reached a settlement to end an investigation of its marketing practices by the office of New York’s attorney general. Under terms of the settlement, Yahoo will halt plans for a program that would have opted-in some customers to receiving Yahoo telemarketing solicitations. Yahoo also agreed to pay $75,000 to cover the investigation’s costs.
The inquiry stemmed from Yahoo’s move in March 2002 to alter its marketing-preferences policy for members. The company sent out notification that it would begin marketing to registered users, whether they had opted out of such messages or not, unless they opted out again within 60 days. Yahoo agreed to suspend the planned marketing program while the investigation was proceeding, according to the attorney general’s office.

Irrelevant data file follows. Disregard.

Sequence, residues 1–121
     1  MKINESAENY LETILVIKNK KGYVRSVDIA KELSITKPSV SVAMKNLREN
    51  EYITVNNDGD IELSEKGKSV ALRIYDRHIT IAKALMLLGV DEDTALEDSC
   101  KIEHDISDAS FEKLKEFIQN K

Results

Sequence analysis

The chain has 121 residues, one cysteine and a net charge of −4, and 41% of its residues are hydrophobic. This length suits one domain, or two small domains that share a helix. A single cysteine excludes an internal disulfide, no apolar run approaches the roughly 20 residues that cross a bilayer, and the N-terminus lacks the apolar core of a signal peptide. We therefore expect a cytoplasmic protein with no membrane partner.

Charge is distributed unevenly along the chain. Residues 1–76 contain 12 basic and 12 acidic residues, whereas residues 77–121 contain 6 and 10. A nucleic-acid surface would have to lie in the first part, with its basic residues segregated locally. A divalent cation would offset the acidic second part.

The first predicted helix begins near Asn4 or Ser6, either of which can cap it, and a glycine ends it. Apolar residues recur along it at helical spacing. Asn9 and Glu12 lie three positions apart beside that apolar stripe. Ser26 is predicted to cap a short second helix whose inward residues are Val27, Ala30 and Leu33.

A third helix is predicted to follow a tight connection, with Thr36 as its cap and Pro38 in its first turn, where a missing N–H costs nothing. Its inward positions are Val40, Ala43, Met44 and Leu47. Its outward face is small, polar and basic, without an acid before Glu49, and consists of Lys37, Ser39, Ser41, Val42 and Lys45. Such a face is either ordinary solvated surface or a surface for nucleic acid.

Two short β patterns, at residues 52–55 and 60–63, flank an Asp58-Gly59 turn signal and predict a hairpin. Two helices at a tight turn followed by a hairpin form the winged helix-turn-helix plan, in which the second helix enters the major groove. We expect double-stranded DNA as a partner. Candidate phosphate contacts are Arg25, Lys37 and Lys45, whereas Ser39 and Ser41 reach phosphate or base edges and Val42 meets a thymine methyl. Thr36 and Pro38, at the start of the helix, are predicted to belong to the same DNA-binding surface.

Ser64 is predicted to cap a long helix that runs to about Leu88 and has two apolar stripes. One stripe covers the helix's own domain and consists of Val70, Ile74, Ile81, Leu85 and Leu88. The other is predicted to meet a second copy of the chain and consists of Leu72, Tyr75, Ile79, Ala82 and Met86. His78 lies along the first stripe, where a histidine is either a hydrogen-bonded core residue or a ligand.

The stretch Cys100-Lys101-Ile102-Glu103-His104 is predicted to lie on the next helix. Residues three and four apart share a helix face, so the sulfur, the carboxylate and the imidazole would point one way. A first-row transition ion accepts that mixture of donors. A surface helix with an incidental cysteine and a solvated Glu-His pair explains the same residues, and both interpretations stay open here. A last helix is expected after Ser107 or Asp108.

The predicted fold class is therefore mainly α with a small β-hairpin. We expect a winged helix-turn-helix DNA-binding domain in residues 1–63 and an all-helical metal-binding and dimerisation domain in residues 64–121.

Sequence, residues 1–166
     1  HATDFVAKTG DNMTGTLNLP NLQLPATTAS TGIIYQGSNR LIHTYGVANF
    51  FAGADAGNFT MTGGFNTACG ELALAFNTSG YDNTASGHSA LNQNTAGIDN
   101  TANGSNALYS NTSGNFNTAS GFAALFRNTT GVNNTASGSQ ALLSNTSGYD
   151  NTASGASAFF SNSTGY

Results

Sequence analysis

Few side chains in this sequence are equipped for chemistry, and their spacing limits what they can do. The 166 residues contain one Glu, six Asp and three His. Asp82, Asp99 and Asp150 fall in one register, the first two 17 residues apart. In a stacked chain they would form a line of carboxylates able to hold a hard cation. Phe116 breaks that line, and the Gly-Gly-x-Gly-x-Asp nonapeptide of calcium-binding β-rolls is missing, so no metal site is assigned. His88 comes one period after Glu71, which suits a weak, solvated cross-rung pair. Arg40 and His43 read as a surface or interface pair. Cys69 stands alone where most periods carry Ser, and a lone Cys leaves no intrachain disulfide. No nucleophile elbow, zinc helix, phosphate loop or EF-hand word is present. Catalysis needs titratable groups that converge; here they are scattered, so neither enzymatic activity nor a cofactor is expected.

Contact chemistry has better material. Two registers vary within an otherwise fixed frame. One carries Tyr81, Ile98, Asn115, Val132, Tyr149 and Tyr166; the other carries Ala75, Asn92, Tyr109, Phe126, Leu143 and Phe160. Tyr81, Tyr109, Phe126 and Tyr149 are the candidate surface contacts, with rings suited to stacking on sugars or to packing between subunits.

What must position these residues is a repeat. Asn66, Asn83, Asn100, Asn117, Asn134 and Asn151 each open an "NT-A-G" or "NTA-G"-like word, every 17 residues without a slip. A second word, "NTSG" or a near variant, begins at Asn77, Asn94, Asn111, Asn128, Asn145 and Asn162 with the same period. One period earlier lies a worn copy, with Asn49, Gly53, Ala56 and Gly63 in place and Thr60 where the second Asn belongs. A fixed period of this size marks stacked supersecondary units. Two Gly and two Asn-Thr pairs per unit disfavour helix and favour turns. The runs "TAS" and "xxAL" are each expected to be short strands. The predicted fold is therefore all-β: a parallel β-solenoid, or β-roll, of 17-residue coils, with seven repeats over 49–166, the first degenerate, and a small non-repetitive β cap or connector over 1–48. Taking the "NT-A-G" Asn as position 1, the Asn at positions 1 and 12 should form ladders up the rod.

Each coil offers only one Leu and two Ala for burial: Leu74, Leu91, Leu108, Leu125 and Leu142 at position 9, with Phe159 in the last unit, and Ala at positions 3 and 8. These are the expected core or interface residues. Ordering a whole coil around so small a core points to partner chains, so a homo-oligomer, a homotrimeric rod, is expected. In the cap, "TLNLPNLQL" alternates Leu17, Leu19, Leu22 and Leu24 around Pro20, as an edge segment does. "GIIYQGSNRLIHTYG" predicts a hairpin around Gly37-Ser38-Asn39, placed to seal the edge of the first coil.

The agreement calls for the company not to telemarket services to customers who opted out of such solicitations when they registered prior to Yahoo’s policy change in March 2002. The portal also agreed to give 30 days notice before changing its marketing policies, giving users links to either opt-out or cancel their accounts.
“It is neither appropriate nor legally permissible for a company to compile a database of personal information through an online registration process and then attempt to use the information for telemarketing purposes to target consumers who have stated that they do not want to receive solicitations,” New York Attorney General Eliot Spitzer said in a statement.
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